The company has also enhanced its Standard 22 Gyro Compass with a number of new features. Going forward, Richter explains that improving efficiencies for the customer remains an important goal for the business: “It’s a key requirement, which is implemented in our new product strategy. Another important point is ease of operation and creating added value through smart product functions and intelligent integration. In certain projects we develop customized solutions in close cooperation with customers, which often results in new product and function ideas.”
While companies such as Raytheon, Rutter and Navico are pressing ahead with innovations in navigation, firms such as gplink and Kongsberg Maritime, while also active in the navigation field, are offering tools to log and capture business-critical information such as fuel efficiency and other data.
Remote diagnostic tool specialist gplink outlined the merits of its new touchscreen control system, which makes compliance simple for the Ship Energy Efficiency Management Plan (SEEMP) while eliminating the need for a paper log, as all key data is both captured and saved through the gplink system. “This unit provides the ability to capture maximum fuel efficiency and detailed reporting features for both tracking and invoicing,” the company says. “These units use intuitive touchscreen functioning and have secure online fleet/vessel logins, which are management-friendly and accessible real-time, providing a compliance solution for SEEMP reporting. The gplink system is the most cost-effective on the market.”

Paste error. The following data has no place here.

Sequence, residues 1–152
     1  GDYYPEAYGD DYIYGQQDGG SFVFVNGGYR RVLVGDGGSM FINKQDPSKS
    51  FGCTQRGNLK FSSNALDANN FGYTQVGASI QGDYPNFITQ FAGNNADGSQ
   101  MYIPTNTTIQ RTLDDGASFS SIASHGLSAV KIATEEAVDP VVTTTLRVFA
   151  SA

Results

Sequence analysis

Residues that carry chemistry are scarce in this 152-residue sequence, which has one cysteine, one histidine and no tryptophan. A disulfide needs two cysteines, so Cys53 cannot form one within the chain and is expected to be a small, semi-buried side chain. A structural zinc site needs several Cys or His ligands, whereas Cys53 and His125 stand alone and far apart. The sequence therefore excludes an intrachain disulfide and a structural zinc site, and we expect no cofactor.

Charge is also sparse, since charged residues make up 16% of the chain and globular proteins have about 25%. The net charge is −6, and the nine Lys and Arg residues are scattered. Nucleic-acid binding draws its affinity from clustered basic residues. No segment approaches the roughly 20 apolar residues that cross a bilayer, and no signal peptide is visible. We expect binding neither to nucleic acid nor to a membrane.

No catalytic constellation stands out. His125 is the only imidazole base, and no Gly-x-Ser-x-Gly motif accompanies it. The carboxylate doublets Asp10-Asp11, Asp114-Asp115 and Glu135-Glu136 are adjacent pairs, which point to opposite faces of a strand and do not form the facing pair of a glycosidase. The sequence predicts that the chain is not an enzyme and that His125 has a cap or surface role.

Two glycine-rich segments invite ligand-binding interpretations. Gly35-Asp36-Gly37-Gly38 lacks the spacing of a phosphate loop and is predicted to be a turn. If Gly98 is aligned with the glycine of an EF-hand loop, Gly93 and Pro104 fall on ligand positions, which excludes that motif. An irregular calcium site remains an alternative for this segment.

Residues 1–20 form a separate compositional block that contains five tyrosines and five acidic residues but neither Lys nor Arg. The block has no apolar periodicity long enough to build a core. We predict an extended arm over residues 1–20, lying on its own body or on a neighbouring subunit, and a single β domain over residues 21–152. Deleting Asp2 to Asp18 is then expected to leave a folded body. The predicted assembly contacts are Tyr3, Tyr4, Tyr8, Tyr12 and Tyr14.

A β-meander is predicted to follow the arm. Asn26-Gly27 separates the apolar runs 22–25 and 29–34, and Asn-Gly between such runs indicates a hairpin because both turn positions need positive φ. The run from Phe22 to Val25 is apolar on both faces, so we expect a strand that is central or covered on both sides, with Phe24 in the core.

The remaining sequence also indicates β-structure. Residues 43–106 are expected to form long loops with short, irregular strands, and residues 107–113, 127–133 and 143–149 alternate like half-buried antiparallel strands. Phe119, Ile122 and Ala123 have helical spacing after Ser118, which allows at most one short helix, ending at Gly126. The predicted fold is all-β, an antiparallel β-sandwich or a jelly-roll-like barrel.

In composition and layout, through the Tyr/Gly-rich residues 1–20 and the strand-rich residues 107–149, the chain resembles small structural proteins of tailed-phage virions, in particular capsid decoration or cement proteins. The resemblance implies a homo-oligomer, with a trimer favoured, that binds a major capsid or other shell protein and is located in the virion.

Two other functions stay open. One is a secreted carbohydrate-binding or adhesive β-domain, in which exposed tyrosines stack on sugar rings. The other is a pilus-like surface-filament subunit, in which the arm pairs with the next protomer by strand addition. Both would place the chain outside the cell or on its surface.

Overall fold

Kongsberg Maritime says it can help streamline reporting with its new generation of electronic logbooks. Its K-Log portfolio now comprises five electronic logbooks that are designed to cut the time that masters and officers need to spend on mandatory reporting by streamlining data collection and delivery. It also meets the requirements of IMO, MARPOL, SOLAS and eleven flag states.
The system replaces traditional paper logbooks by collating data and information onto a single data storage platform, either manually or automatically. Hans Otto Schjerven, Product General Manager of the Merchant Marine Division, states, “By providing trouble-free logging and more efficient information exchange with simplified reporting routines, K-Log helps vessels make the most out of recent regulations that permit paperless reporting.”
He adds that “Electronic logbooks offer a wealth of functionality not available with paper. For instance, K-Log reduces the time needed to duplicate entries across logbooks while ensuring more accurate reporting as much of the data can be pulled in automatically. We strongly believe that K-Log can save time and money, and this is reflected by the very positive feedback from our trial customers.”
The opinions expressed herein are the author's and not necessarily those of The Maritime Executive.